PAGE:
I was walking with Ethan the other day and suddenly he let go of my hand and made a mad dash towards an empty water bottle about to roll into the street. He grabbed hold of the water bottle and brought it over to me proudly. Kind of the same way my German Shepherd, Agnes, used to run and fetch the drooly tennis ball. “Look mommy, “ Ethan said, “it’s litter. I stopped it from becoming litter.”
“What do you plan on doing with the litter?”, I asked, motioning to a nearby garbage can on the street. He walked over to the municipal garbage can, inspected it and said, ‘it’s not for recycling.’ Then continued our walk holding on to the dirty water bottle for another 20 minutes until we arrived at our destination and asked the receptionist if there was a recycle bin and insisted on checking for the recycle symbol on the receptacle before letting go of the bottle. On an ecological level, this is on par with having the peace of mind that your child is polite and courteous, saying please and thank you even when you’re not around to remind him (though we’re still working on that part). I felt a sense of satisfaction that I had helped instill the values of environmental consciousness within my son.
My son had reached another milestone in his life–like walking at a year old, talking at two years old, reading at five. Ethan is growing up without taking his world for granted. He innately takes on the responsibility of environmental stewardship–it will be a way of life for him, and not an issue that we, as adults, need to fight for with our petitions and votes. It's a bittersweet victory for me because it is juxtaposed with the stomach churning I feel these days. With my parents visit these past few weeks, I am reminded that I live in between the future hope of my son’s world and the helplessness I feel in the world of my past.
In my parents' defense, they have lived through so many changes. Today’s eco-conscious world must be like coming anew to America or learning how to use e-mail. I can’t blame them for not knowing, but I can try to teach them. My attempts to do so, however, makes me feel helpless–that I am making no impact with my choices. Upon returning from my stay in New York, I came home to find several alien items of the environmentally toxic kind in my home–the Lysol Disinfecting Spray, the Clorox wipes, the Re-Nuzit air freshener!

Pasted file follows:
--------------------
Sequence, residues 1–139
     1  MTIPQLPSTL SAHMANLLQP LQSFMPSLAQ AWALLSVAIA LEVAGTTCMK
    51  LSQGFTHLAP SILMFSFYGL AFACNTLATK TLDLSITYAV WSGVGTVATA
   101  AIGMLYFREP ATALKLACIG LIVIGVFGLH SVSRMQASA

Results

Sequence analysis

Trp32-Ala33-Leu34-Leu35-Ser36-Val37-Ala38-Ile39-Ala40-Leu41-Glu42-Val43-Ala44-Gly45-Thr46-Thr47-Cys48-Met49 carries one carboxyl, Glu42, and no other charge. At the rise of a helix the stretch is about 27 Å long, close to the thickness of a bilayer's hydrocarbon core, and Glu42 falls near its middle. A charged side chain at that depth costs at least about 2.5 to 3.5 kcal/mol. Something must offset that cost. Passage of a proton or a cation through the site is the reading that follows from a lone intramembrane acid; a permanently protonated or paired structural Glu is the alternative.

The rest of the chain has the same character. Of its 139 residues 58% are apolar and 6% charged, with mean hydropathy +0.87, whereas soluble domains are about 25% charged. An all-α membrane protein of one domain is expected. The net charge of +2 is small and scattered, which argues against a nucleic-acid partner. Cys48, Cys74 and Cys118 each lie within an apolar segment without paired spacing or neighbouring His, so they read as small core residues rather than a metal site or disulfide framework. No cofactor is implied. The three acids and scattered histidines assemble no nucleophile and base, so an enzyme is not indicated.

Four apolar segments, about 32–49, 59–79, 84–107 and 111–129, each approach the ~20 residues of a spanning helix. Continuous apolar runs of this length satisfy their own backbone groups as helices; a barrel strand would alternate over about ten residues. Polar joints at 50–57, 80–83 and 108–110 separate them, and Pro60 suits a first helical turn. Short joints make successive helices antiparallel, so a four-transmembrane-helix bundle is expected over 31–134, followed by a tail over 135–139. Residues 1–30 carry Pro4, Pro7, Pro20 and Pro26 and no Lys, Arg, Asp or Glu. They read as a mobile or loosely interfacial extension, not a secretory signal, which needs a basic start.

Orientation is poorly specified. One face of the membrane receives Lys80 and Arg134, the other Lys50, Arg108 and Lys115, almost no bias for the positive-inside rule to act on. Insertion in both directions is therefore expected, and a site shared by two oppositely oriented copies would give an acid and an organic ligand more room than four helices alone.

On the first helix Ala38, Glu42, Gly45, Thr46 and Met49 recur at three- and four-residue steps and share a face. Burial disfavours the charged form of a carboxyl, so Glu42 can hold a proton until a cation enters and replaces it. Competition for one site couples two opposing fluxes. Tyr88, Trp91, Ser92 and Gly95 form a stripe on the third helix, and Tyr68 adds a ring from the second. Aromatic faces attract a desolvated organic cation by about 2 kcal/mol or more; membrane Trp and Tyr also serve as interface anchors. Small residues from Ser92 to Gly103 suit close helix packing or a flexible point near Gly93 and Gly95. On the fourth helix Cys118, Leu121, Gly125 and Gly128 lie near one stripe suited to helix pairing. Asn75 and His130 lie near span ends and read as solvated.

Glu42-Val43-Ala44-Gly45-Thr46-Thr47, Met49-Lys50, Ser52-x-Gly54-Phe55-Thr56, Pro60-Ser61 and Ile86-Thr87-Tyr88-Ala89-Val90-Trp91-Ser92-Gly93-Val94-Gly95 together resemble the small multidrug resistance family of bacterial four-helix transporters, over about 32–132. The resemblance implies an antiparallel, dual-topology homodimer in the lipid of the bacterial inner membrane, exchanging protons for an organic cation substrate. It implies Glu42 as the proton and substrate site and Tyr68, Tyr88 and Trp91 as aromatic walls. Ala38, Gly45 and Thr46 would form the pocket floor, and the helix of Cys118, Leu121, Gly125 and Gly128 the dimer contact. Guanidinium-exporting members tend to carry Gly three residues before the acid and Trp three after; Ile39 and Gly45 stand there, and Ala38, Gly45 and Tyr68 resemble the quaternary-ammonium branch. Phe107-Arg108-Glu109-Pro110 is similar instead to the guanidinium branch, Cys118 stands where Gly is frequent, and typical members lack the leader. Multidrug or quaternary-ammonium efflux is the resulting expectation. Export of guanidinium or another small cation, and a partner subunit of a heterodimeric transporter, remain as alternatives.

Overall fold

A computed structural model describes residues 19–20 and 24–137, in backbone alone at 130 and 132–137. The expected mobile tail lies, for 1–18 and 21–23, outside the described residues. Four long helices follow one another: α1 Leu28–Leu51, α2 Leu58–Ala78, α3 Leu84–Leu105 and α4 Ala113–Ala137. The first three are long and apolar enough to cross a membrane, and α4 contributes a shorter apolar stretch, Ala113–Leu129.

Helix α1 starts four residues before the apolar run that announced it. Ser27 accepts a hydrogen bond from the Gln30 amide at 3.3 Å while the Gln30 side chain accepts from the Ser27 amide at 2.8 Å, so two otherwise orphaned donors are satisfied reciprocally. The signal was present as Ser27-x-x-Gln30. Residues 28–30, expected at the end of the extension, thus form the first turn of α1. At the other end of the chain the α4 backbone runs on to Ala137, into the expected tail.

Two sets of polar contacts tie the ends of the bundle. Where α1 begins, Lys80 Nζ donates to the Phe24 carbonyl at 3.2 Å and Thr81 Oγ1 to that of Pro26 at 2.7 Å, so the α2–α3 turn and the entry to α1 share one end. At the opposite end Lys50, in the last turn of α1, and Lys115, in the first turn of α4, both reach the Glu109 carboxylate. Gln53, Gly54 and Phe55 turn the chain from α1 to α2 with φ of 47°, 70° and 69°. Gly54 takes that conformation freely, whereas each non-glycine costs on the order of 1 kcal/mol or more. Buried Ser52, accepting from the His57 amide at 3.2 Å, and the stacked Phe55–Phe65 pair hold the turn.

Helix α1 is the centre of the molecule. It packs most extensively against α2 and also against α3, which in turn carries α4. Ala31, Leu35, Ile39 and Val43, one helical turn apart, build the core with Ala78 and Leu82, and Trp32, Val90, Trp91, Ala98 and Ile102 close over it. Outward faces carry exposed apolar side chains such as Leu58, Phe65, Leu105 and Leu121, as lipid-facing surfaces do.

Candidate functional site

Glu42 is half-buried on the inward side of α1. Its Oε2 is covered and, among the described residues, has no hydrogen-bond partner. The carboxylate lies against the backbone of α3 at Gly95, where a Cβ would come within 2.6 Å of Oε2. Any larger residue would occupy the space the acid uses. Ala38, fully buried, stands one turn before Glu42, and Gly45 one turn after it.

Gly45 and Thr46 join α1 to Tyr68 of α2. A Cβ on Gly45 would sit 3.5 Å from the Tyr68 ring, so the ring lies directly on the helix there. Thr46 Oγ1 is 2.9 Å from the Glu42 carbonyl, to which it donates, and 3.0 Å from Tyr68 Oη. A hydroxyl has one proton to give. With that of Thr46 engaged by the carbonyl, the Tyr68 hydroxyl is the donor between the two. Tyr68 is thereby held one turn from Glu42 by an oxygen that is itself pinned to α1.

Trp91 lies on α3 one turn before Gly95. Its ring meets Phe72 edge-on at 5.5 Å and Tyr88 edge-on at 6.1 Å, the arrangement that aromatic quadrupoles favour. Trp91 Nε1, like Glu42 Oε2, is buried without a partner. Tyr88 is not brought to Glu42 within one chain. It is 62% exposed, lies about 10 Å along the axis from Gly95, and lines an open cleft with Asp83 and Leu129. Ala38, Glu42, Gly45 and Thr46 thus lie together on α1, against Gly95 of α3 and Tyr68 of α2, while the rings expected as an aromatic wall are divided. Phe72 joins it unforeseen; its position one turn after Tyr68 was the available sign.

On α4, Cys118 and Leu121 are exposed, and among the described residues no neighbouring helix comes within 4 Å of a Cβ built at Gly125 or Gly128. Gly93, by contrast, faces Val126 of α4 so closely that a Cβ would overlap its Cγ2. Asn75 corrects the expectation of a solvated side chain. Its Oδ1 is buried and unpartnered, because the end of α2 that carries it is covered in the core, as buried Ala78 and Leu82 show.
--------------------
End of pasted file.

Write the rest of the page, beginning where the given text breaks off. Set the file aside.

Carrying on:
When I tried to gently remind my parents that I’m ‘clean’–that I prefer my household products phosphate, chlorine, and ammonium free, it created an opportunity for them to rail on about how I am in the less than 20% minority that buys in to the marketing hype of over priced products with designer names. That our government would never allow toxic ingredients in our household cleansers.
Even without any scientific knowledge, the smell alone is enough to intuitively know that these products are doing more harm than cleaning. So I started reading and researching. Many of these chemical based disinfectants can deactivate sensory nerve endings. They attack the liver, kidneys, spleen, pancreas, and the central nervous system and it can take over a year to eliminate the unhealthy effects of spraying the slightest amount. Yuck.
Air fresheners interfere with our ability to smell by releasing nerve-deadening agents or coating nasal passages with an oil film that accumulates in fat cells and over-stimulates the nervous system. Sodium laurel sulfate is found in many shampoos and body washes and has been found to lower brain function.
While many of the leading manufacturers have jumped on the eco bandwagon with new product lines with names like, ‘Nature’s Source’ (SC Johnson) and ‘Green Works’ (Clorox), they still don’t always list the ingredients of their products. By not doing so, makes me suspect that there is more green washing than cleaning going on with these products. In reading labels, 'eco-friendly' doesn't quite cut it as far as what we need to know about these products. I would place more weight in seeing words like ‘solvent-free,’ ‘no petroleum-based ingredients’ and ‘no phosphates’.
Since most of my time has been occupied with moving, and detoxifying my new home, instead of food recipes, I’m listing recipes for a conscious household this week. What's interesting is that these home remedies have been around long before factory made products and now we're finding that they are just as effective and risk free:
For clogged sinks, tubs and toilets: Baking Soda and Vinegar (remember those volcano experiments in grade school?)
De-Greasing Dishes, Countertops, pots and pans: Vinegar and Water
Rug and Furniture Stains: Salt
Laundry Stain Remover: Lemon Juice
De-Static for the Dryer: Old Tennis Ball
Air Freshener: Fresh cut flowers and a little open window ventilation, soy-based candles